A year after we gathered at the Google offices in Kitchener for our inaugural Girl Geek Dinner, last night we returned for the final Dinner until the fall. After some noshing, courtesy of Little Mushroom Catering and I Heart Cupcakes, and networking, courtesy of the large crowd, it was time to head upstairs for the main event.
In January of 2010, Google.org existed, and Alice was working for Google, but the Crisis Response group did not yet exist. It was that month that the earthquake in Haiti happened, a place where Alice has close ties through family and friends.
She found herself in a frustrated “What can I do?” state, given that, professionally, she spent her days in front of a laptop, and meanwhile Haiti’s immediate needs all seemed to require people on the ground in the country, providing very tangible things for an overwhelming number of needs.
But through helping a friend in Haiti communicate with his aunt outside the country, letting her know how the family was and the state of things, the ball got rolling. Google created a resource page with emergency information, and created Person Finder, enabling those looking for news on loved ones, and those in crisis zones to connect. People could report on their own or others’ status, or use “last known” information if people were still unaccounted for.
Google Maps were also put to sophisticated use, incorporating satellite imagery (nothing better for seeing how a refugee camp is growing in an abandoned golf course), infrastructure data (these roads are passable, these bridges are gone), and information like the location of devastation, refugee camps, functional electrical grids, etc. Think of how handy Google Maps is with traffic data turned on is. Now think of that on steroids for all the types of data needed to launch disaster response and rebuilding efforts. This data is particularly valuable in areas of the world where maps and addresses can be somewhat “fluid”. (To this end, sometimes there is strong reliance on ex-pats for translation services, provision of local knowledge, etc.)
Also consider that after disasters, communications links are often very limited. There may be no landline or cellular telephone access, but a thread of internet connection with the world may still remain active. Or vice versa. (It was possible for some to send their location to rescuers via SMS, a story I’d heard previously from a US military officer who’d been stationed in Haiti after the quake.)
Note as well that all these different data tend to come from various agencies and organizations, and are often in disparate formats, so very fast and extensive work was and is required from Google engineers to standardize it. As Alice noted, tools used during times of crisis need to be simple, use standards, and be open to allow for rapid collaboration (both on the engineering and consumer sides).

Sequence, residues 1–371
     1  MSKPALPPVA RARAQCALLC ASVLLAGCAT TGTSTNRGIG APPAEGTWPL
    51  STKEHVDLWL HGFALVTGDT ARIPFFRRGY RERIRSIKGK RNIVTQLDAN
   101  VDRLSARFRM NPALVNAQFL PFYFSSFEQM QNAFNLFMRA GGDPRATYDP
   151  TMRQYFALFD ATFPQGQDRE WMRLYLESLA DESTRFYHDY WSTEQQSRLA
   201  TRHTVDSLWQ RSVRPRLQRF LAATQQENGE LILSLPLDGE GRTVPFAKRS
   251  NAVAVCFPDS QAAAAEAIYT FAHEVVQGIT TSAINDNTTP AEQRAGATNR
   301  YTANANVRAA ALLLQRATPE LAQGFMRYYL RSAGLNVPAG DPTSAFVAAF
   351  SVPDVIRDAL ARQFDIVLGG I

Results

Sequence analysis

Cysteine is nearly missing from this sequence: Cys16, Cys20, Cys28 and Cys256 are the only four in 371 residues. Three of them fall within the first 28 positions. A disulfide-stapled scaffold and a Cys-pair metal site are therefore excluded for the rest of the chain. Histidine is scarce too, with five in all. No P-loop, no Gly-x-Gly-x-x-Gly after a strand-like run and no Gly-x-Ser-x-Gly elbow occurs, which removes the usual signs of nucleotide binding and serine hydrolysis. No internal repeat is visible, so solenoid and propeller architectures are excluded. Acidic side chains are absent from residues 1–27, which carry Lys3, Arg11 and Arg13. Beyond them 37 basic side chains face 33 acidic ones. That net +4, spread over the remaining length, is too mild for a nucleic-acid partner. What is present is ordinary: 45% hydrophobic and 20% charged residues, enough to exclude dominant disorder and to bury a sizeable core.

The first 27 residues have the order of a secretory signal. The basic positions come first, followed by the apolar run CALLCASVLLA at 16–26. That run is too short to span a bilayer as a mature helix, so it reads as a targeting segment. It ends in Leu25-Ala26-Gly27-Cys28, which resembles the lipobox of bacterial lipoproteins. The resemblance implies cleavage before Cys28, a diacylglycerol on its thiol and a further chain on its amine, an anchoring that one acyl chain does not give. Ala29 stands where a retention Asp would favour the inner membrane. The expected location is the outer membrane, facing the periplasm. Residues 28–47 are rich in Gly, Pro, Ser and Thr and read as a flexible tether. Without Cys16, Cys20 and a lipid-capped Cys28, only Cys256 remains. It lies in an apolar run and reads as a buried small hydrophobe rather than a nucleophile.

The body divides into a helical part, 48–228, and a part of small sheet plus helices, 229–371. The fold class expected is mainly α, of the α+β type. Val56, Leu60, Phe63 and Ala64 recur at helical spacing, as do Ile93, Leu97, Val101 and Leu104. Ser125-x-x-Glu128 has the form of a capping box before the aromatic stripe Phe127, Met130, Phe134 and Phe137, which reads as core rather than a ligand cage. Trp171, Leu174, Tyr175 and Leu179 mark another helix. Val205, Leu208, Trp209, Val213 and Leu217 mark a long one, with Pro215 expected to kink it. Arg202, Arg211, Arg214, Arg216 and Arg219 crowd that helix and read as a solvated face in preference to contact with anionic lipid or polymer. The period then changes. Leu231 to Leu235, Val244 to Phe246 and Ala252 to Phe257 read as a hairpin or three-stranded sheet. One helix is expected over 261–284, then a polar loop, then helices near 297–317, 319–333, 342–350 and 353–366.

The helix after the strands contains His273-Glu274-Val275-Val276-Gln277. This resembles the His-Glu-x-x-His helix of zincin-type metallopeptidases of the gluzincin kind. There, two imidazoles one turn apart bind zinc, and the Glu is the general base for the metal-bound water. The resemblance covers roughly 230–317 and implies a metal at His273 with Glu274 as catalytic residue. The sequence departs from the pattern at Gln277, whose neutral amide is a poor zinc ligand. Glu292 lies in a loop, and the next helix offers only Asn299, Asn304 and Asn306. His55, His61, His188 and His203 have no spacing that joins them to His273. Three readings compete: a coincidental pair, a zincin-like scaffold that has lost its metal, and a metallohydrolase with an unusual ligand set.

Crisis Response has since grown, driven by other major events around the world since January 2010. Earthquakes in Chile, New Zealand, and Indonesia; a volcano eruption in Iceland; flooding in Thailand, Pakistan, and Australia; the Japanese tsunami; tornados in the midwestern US; and a host of other disasters around the world. They can’t take on every big event, but they have assisted with at least 10 since the Haiti earthquake.
Next time a disaster strikes, you may well see Person Finder displayed on Google’s homepage. (The registries do eventually expire.) Alice made the very interesting point that in times of crisis, people do what they know. It is not a time for learning (literally, the brain is incapable of higher function under great stress), and so the tools people already use must be there and able to help. And Google offers a very well known, broad, and powerful set of tools for day to day use. (Imagine no Gmail, no Google Maps, no Chrome, no Google Docs, no YouTube…)
Alice’s team has also built Public Alerts (more info here) so you can find out, as Alice humorously noted, whether it’s a good idea to go out for pizza or not. Public Alerts are another great example of collaboration with a variety of agencies to help keep people safe and informed.
And with that, and a few swag giveaways, we adjourned to the Firkin for continued conversation. Many thanks to Alice and her husband for making the trek up from New York to join us, and for a fascinating, enlightening, and inspiring presentation.
We must also wish a hearty Bon Voyage to Cate, one of our intrepid founders, as she jets off to new adventures in Sydney, Australia later this summer.
We are now adjourned until the fall, but already have some excellent speakers lined up, starting in September. Stay tuned!